The Dolby Digital 2.0 Stereo track on this release is on par with the video in that there are a few spots where the quality fluctuates a little bit based on the source material but for the most part there's little to complain about here. Dialogue is pretty consistent in that it's easy to follow and understand and the score comes through nicely. This isn't the type of release that really warrants anything more involved than a stereo track so the two-channel mix gets the job done. No alternate language dubs or subtitles are included.
With as much supplemental material as has been provided here, it shouldn't surprise anyone to see that it's been spread across two discs. Here's what you'll find and where:
First up on disc one in terms of supplements is a featurette called Horror's Hallowed Grounds: An Exclusive Tour Of The Halloween Filming Locations which, as you'd expect, is a video tour of a few of the recognizable shooting locations used in the first film. This excellent segment is handled by Sean Clark of Dread Central, with some help here and there from P. J. Soles. Essentially what happens is they go check out the locations used for the film and give us a peek at how they appear now, decades since the movie was made. It's a fun segment and Soles makes for a great commentator here.
Moving right along we find Halloween II Extended Interviews and Halloween III Extended Interviews in which a few of the actors interviewed for the feature documentary get to talk a little longer than the snippets used in the documentary allowed for. These segments extend on some of their experiences working on the films, and they're worth checking out if you have an interest in either of the sequels that they cover.
Sure to be of interest to a lot of fans will be the Halloween 5 On-Set Footage that Anchor Bay has supplied here as Donald Pleasance shows up in a few of the shots. There isn't a lot of context to it, and the quality isn't fantastic but it's nice to see the atmosphere on set as the movie was being made and it's always a treat to see Pleasance doing his thing and it's great to see him taking things in stride and showing a great sense of humor on camera.
Rounding out the extra features on the first disc is a Halloween Convention Montage clip which gives us a look at the convention as well as the guests and attendees, and a segment entitled Fans of Halloween: Collections Of Props And Memorabilia which is a look at the collections that a few completely rabid fans have assembled.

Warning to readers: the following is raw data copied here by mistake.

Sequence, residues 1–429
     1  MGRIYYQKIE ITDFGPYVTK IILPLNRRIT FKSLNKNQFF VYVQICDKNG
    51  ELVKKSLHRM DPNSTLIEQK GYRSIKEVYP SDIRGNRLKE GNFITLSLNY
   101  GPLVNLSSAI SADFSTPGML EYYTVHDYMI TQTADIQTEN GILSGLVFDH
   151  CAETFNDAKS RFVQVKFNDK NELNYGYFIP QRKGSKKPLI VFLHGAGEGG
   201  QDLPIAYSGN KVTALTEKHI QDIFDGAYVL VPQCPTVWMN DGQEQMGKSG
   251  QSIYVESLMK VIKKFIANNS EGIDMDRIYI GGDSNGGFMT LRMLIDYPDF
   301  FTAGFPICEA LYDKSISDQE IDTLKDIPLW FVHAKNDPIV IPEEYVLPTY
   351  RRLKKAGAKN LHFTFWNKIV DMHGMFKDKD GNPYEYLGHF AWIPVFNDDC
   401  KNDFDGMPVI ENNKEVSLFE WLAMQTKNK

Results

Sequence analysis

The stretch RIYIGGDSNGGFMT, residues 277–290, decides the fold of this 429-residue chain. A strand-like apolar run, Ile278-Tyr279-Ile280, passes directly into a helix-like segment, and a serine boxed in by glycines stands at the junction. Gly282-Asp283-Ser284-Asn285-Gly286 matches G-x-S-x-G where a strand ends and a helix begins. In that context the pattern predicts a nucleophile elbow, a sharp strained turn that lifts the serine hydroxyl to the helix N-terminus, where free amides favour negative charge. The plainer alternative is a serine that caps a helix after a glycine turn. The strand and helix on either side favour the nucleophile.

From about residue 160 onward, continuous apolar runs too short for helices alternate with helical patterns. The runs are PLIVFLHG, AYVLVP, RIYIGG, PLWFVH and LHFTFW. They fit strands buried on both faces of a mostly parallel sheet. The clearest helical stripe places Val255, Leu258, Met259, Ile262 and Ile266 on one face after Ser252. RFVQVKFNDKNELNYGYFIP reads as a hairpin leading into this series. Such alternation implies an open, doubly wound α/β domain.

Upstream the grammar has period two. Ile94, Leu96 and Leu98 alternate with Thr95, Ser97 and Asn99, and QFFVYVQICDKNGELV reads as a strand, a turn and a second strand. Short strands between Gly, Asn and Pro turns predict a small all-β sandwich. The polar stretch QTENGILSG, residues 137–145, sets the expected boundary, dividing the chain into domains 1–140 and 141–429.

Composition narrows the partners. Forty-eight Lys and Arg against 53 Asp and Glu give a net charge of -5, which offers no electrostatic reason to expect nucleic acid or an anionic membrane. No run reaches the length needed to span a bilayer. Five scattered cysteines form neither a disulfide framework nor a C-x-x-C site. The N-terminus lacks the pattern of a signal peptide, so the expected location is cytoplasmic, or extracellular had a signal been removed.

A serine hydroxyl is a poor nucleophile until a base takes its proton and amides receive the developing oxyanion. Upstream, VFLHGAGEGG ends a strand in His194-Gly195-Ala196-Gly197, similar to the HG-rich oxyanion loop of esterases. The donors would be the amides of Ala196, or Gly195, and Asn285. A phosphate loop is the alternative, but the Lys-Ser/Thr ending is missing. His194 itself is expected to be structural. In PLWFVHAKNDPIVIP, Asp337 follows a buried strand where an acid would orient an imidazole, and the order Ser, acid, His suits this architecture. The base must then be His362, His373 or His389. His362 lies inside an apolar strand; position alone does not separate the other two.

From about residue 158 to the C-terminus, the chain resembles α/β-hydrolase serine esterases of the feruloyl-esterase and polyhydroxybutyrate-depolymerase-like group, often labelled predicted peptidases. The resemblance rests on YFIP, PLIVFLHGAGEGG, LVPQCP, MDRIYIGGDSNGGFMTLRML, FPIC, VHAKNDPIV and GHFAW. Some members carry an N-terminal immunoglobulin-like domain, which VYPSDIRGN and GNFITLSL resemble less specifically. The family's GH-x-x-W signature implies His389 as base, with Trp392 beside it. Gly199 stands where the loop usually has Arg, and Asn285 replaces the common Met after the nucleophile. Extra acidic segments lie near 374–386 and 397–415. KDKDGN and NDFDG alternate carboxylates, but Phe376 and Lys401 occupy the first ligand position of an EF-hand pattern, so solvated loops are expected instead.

The second disc starts off with a group of panel discussions recorded at the Return To Haddonfield Convention that took place in 2005. Each of the seven different discussions runs about twenty minutes, some a little longer and some a little shorter, and they cover the following: Halloween, Halloween II, Halloween 6, Ellie Cornell, Michael Myers (wherein seven of the men to have donned the famous mask tell their tales), Dean Cudney (who served as the director of photography on the first three of the films in the series), and the Halloween Producers (with Yablans and the late Akkad, may he rest in peace). While the titles of the panel discussions pretty much sum up what the participants talk about, these discussions, when combined, do a really fantastic job of giving fans a truly comprehensive view of how these films were put together and who did what and why. While it might seem like overkill to some, there is an absolutely massive amount of information in here for those who want even more. The problem with this material is that it is shot very haphazardly and it doesn't look good at all and adding to that is the fact that the material really isn't edited down, and so we get some 'dead air' moments throughout which can make things tough to get through. Only one camera was used and it's about as exciting to watch as paint drying which makes this more for the hardcore Halloween fan than the casual one, but the same can be said about pretty much everything on this disc as it really is a gift to the fans more than anything else.
Rounding out the extra features are a great Halloween Location Still Gallery, a Halloween Convention Behind-the-Scenes Still Gallery, an Original Artwork still Gallery and a Halloween related song entitled Pure Evil by Vicious Disorder that plays out over a still shot of the band.
Of course, both discs have menus and chapter stops and all that good stuff. Inside the two disc set, which is housed inside a nice slipcase, there's an exclusive full color Halloween: Autopsis comic book that provides some interesting insight into a few of the more famous characters from the series.
This two-disc set, an obvious labor of love for all involved, is a Halloween fans dream come true. The feature documentary is an excellent, interesting and comprehensive look at one of the most influential franchises in horror movie history and the wealth of extra features fill in more details than you can shake a butcher's knife at. While there obviously won't be a whole lot of appeal for those who don't already love the films, for those of us who cherish Carpenter's original classic (and the sequels it spawned) Halloween: 25 Years Of Terror comes highly recommended.
Ian lives in NYC with his wife where he writes for DVD Talk, runs Rock! Shock! Pop!. He likes NYC a lot, even if it is expensive and loud.